Curiosity Front Hazcam Right B image taken on Sol 1707 May 26, 2017.
Credit: NASA/JPL-Caltech

 

Now in Sol 1708, NASA’s Curiosity Mars rover is inspecting “White Ledge” along with “an otherworldly jumble of in-place bedrock, tilted rocks, sand with small ripples, and local pebbly debris piles,” reports Roger Wiens, Curiosity’s Chemistry & Camera (ChemCam) principal investigator at Los Alamos National Laboratory in New Mexico.

“Vera Rubin Ridge continues to loom larger in the rover’s forward view, although progress is somewhat slow due to the difficult terrain,” Wiens explains.

The robot just made a drive of 52 feet (16 meters).

Curiosity Navcam Left B image acquired on Sol 1707, May 26, 2017.
Credit: NASA/JPL-Caltech

 

Stay warm

“Just 20 sols ago we passed the northern vernal equinox, but the rover is ‘down under’ (at 4 degrees south latitude), so we’ve just started the fall season. For those readers in the Earth’s northern hemisphere, it’s like about October 1 on Earth. Over the next half of a Mars year (or nearly one Earth year) the rover will have a little less power for driving, arm deployment, and instrument activities as it spends a little more energy keeping itself warm,” Wiens reports.

The body of the rover is kept warm by a fluid loop that distributes heat from the radioisotope thermoelectric generator (RTG) to the rover body, but the extremities (arm, wheels, and mast) need to be heated electrically.

“As a result, the rover will take one day to recharge its battery this weekend,” Wiens comments. “It’s a holiday weekend in the U.S. and much of Europe, so why shouldn’t Curiosity have a day off too?”

Curiosity Mastcam Left image taken on Sol 1705, May 24, 2017.
Credit: NASA/JPL-Caltech/MSSS

No holiday

Upcoming, there’s a “soliday,” but that’s not a rover holiday Wiens noted.

“In fact, it’s not a day on Mars at all. Rather, it’s an extra day we have on Earth every 37 Mars days due to the shorter day on Earth,” Wiens says. “So Mars has one less day for this holiday weekend. All told, the rover will be working two days this weekend.”

Wiens said that the “beautiful White Ledge” that’s right in front of the rover is captivating, so the science team has decided to spend two Mars days doing lots of analyses.

That involves interrogating the ledge with two different arm placements, an evening Alpha Particle X-Ray Spectrometer (APXS) integration on a location named “Patty Lot Hill,” and an APXS night integration on “White Ledge” after using the dust removal tool (DRT).

Curiosity’s Mars Hand Lens Imager (MAHLI) is slated to take images of these targets the following sol.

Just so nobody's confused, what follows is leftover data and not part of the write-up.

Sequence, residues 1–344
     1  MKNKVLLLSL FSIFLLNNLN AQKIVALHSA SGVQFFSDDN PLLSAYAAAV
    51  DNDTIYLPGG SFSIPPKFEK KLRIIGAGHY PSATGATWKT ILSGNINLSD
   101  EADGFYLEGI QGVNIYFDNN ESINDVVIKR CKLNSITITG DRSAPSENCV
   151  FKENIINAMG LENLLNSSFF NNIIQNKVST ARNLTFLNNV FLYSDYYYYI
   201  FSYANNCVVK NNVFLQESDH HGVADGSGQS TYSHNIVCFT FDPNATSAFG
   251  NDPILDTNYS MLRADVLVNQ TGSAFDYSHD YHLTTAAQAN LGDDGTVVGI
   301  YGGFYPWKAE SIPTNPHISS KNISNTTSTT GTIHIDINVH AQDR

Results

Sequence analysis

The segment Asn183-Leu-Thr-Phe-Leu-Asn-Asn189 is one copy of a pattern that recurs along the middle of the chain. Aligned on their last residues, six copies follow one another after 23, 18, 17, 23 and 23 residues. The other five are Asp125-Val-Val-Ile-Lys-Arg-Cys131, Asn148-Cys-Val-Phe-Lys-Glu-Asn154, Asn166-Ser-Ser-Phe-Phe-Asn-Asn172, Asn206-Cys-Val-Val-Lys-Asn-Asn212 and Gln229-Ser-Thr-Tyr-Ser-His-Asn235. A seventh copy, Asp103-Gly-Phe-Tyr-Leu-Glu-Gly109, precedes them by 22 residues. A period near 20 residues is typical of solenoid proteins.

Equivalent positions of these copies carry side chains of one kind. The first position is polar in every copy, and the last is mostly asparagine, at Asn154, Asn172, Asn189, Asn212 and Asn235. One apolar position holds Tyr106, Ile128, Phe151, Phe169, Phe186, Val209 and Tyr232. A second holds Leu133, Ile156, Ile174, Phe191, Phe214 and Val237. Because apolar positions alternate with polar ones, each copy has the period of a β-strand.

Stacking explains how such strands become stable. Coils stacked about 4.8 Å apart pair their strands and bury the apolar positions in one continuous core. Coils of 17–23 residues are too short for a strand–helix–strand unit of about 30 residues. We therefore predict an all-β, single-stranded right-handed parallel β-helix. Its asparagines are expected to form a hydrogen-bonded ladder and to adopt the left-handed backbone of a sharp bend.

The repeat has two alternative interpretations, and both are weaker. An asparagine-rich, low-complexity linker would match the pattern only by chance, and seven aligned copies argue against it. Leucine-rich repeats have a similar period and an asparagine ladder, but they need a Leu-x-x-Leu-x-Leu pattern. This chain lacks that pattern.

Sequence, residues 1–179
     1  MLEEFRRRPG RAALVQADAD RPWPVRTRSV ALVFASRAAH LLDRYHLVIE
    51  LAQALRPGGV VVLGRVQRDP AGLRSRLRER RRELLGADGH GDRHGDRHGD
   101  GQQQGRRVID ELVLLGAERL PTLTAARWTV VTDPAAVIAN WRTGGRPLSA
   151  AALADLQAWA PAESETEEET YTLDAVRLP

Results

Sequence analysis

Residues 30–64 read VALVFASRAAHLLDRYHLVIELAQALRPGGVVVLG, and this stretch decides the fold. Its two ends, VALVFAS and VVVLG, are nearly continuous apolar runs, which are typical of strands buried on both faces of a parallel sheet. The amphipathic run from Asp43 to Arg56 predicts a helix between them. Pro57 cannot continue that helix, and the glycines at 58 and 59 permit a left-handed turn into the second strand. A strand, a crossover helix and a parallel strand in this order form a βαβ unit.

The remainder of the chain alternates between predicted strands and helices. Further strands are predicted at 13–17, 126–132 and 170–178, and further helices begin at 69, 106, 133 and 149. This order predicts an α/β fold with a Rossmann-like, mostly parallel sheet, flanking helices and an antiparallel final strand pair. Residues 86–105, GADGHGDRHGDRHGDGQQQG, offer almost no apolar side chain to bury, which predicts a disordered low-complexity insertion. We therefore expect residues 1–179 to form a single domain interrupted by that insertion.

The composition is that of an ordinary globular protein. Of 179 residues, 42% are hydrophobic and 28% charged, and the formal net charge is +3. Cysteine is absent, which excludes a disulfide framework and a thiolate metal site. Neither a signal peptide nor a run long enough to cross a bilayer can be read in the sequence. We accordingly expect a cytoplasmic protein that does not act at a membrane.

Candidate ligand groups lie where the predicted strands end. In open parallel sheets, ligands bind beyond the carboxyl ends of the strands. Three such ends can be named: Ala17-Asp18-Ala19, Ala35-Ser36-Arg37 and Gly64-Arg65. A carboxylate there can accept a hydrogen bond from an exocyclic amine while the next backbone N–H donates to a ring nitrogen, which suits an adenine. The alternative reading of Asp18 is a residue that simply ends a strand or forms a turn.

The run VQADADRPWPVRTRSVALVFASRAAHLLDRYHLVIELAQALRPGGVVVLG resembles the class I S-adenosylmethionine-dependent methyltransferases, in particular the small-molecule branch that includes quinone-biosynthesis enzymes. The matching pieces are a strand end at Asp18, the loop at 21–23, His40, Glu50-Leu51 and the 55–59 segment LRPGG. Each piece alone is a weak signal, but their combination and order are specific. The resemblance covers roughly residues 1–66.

Extra precaution

“We are taking extra precautions in case the rather thin ledge breaks when we place the arm on it. We are also interrogating the ledge with Mastcam and ChemCam,” Wiens pointed out.

Other ChemCam targets include “Shooting Ledge” (a rocky ridge just behind “White Ledge”), “Middle Ledge” behind and to the left, and “Halfway Mountain,” a sand ripple crest.

Curiosity’s Sample Analysis at Mars (SAM) Instrument Suite is doing an atmospheric measurement. The robot’s Rover Environmental Monitoring Station (REMS) and Radiation Assessment Detector (RAD) are taking measurements this weekend too, “so it is an ‘all-instruments’ weekend,” Wiens adds, except for the Chemistry & Mineralogy X-Ray Diffraction/X-Ray Fluorescence Instrument (CheMin).

Curiosity Mastcam Left image taken on Sol 1705, May 24, 2017.
Credit: NASA/JPL-Caltech/MSSS

Good vantage point

Curiosity is posed to drive “to a good vantage point,” Wiens concludes, roughly 60 feet (20 meters) from its present spot.

“We also managed to slip in Mastcam Sun observations and a ChemCam sky spectral observation on Tuesday morning — Sol 1712 — before the next uplink of activities from Earth,” Wiens concludes.

Credit: NASA/JPL-CALTECH/UNIV. OF ARIZONA

Travelogue map

Just issued is a Curiosity traverse map through Sol 1707.

This map shows the route driven by NASA’s Mars rover Curiosity through the 1707 Martian day, or sol, of the rover’s mission on Mars (May 26, 2017). Numbering of the dots along the line indicate the sol number of each drive. North is up. The scale bar is 1 kilometer (~0.62 mile).

From Sol 1705 to Sol 1707, Curiosity had driven a straight line distance of about 45.15 feet (13.76 meters), bringing the rover’s total odometry for the mission to 10.26 miles (16.52 kilometers).

The base image from the map is from the High Resolution Imaging Science Experiment Camera (HiRISE) onboard NASA’s Mars Reconnaissance Orbiter.

One Response to “Curiosity Rover on Mars: Otherworldly Inspection Duties”

  • Nathan Funk says:

    Incredible work. So much is being added to scientific knowledge. I’m very proud of the work you all are doing.

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